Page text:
"hill". The surname was originally taken from the name of a town in Leicestershire, England (which no longer exists). A famous bearer of the surname was Alexander Hamilton (1755-1804), a founding father of the United States who was killed in a duel with Aaron Burr.
HAMLET m Literature, Armenian
Anglicized form of the Danish name Amleth
. Shakespeare used this name for the Prince of Denmark in his play Hamlet
(1600), which he based upon earlier Danish tales.
HAMMOND m English (Rare)
From an English surname that was derived from either the Germanic given name Haimund
, which meant "home protection", or else the Old Norse given name Hámundr
, which meant "high protection".
HAMNET m English (Archaic)
Diminutive of HAMO
. This was the name of a son of Shakespeare who died in childhood. His death may have provided the inspiration for his father's play Hamlet
HAMZA m Arabic, Turkish, Bosnian
Possibly derived from Arabic hamuza
meaning "strong, steadfast"
. This was the name of the uncle of the Prophet Muhammad
who was killed in battle.
HANAN (1) m Biblical
in Hebrew. This is the name of several minor characters in the Old Testament.
HANK m English
Originally a short form of Hankin
, which was a medieval diminutive of JOHN
. Since the 17th century in the United States this name has also been used as a diminutive of HENRY
, probably under the influence of the Dutch diminutive HENK
. A famous bearer is the American former baseball player Hank Aaron (1934-).
HANNIBAL m Phoenician (Latinized), History
Means "grace of Ba'al"
from Phoenician hann
"grace" combined with the name of the god BA'AL
. Hannibal was the Carthaginian general who threatened Rome during the Second Punic War in the 3rd century BC.
HANS m German, Dutch, Swedish, Norwegian, Danish
German short form of JOHANNES
, now used independently. This name has been very common in German-speaking areas of Europe since the late Middle Ages. From an early period it was transmitted to the Low Countries and Scandinavia. Two famous bearers were Hans Holbein (1497-1543), a German portrait painter, and Hans Christian Andersen (1805-1875), a Danish writer of fairy tales.
HANZŌ m Japanese
From Japanese 半 (han)
meaning "half" and 蔵 (zō)
meaning "to hide". This name was borne by the noted samurai Hattori Hanzou (1542-1596). The name can also be formed from other kanji combinations.
HARDING m English
From an English surname that was derived from the Old English given name HEARD
. A famous bearer of the surname was American president Warren G. Harding (1865-1923).
HARDY m English
From a surname that was derived from Middle English hardi "bold, hardy"
HAREL m Hebrew
Means "altar, mountain of God"
in Hebrew. In the Hebrew Bible this word is applied to the altar in the temple in Jerusalem (Ezekiel 43:15
HARI m Hinduism, Indian, Hindi, Tamil, Telugu, Kannada, Malayalam, Marathi, Nepali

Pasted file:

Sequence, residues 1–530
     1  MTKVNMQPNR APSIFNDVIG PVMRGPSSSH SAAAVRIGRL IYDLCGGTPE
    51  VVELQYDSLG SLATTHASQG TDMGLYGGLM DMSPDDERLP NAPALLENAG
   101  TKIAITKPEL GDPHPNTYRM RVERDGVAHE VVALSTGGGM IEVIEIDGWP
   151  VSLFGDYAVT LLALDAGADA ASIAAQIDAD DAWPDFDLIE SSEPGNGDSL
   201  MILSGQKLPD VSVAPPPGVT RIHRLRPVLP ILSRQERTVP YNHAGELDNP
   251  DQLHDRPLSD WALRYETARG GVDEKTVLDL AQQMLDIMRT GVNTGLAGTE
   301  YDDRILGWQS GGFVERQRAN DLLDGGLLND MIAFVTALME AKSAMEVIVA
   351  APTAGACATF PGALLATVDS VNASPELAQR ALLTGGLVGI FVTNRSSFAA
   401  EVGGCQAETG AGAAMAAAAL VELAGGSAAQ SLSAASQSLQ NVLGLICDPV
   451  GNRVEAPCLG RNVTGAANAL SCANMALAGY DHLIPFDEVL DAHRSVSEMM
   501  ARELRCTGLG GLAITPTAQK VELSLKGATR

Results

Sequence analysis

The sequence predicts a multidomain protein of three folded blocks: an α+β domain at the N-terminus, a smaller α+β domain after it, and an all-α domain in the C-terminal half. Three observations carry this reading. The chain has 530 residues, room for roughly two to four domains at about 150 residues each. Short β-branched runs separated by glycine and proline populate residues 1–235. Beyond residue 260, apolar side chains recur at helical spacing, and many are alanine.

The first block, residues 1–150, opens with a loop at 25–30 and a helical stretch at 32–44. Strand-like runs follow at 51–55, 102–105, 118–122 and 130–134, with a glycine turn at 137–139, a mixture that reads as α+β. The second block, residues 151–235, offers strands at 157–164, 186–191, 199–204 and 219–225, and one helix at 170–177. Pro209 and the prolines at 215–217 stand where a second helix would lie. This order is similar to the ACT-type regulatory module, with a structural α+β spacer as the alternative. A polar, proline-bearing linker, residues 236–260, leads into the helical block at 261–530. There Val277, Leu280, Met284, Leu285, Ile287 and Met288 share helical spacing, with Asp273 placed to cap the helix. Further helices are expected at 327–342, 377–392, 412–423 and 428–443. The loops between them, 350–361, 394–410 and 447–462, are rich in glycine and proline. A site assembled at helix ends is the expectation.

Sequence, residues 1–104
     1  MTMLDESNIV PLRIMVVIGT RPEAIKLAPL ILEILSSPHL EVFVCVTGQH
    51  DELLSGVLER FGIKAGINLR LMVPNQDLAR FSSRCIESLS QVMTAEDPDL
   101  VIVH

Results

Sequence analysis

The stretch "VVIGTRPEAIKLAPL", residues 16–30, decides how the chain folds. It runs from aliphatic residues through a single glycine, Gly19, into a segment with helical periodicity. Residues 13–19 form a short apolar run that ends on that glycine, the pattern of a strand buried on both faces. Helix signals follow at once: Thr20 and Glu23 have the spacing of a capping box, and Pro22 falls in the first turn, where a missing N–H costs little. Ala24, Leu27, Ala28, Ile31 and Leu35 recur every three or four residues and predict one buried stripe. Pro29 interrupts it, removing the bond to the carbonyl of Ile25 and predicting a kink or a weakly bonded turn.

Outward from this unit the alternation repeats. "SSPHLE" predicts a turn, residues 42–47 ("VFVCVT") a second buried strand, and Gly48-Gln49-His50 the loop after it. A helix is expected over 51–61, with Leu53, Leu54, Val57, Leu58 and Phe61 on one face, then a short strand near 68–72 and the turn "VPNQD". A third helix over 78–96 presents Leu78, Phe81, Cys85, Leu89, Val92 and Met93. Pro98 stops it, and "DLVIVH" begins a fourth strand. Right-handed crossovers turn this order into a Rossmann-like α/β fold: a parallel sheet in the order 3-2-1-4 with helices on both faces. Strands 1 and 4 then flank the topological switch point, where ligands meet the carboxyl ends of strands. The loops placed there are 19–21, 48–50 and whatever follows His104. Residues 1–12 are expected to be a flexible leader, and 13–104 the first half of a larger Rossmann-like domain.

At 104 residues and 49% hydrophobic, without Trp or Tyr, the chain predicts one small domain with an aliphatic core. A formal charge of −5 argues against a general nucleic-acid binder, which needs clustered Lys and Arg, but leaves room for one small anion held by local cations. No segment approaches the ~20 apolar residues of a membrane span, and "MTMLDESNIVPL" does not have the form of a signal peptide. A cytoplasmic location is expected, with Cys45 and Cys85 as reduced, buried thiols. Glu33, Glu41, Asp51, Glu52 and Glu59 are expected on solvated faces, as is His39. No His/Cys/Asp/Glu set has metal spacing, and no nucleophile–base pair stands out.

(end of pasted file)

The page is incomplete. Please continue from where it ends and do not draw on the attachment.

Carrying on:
Means "brown, yellow, tawny"
in Sanskrit, and by extension "monkey, horse, lion"
. This is another name of the Hindu god Vishnu
, and sometimes of Krishna
. It is also borne by the son of the Garuda, the bird-like mount of Vishnu.
HARLAN m English
From a surname that was from a place name meaning "hare land"
in Old English. In America it has sometimes been given in honour of Supreme Court justice John Marshall Harlan (1833-1911).
HARLEY m & f English
From a surname that was derived from a place name, itself from Old English hara
"hare" and leah
HARLOW f & m English
From a surname derived from a place name, itself derived from Old English hær
"rock" or here
"army", combined with hlaw
HAROLD m English
From the Old English name Hereweald
, derived from the elements here
"army" and weald
"power, leader, ruler". The Old Norse cognate Haraldr
was also common among Scandinavian settlers in England. This was the name of five kings of Norway and three kings of Denmark. It was also borne by two kings of England, both of whom were from mixed Scandinavian and Anglo-Saxon backgrounds, including Harold II who lost the Battle of Hastings (and was killed in it), which led to the Norman Conquest. After the conquest the name died out, but it was eventually revived in the 19th century.
HARPER f & m English
From an Old English surname that originally belonged to a person who played the harp or who made harps. A notable bearer was the American author Harper Lee (1926-2016), who wrote To Kill a Mockingbird
HARRISON m English
From an English surname that meant "son of HARRY"
. This was the surname of two American presidents, William Henry Harrison (1773-1841) and his grandson Benjamin Harrison (1833-1901). The actor Harrison Ford (1942-), who starred in such movies as Star Wars
and Indiana Jones
, is a famous bearer.
HARRY m English
Medieval English form of HENRY
. In modern times it is used as a diminutive of both Henry
. A famous bearer was American president Harry S. Truman (1884-1972). It is also the name of the boy wizard in J. K. Rowling's Harry Potter
series of books, first released in 1997.
HARSHA m Indian, Kannada, Telugu, Sanskrit
in Sanskrit. This was the name of a 7th-century emperor of northern India. He was also noted as an author.
HARTLEY m English
From a surname that was derived from a place name meaning "hart clearing"
in Old English.
HARTMANN m German
Means "brave man"
, derived from the Germanic element hard
"brave, hardy" combined with man
HARU m & f Japanese
From Japanese 陽 (haru)
meaning "light, sun, male", 春 (haru)
meaning "spring" or 晴 (haru)
meaning "clear weather". Other kanji or kanji combinations can form this name as well.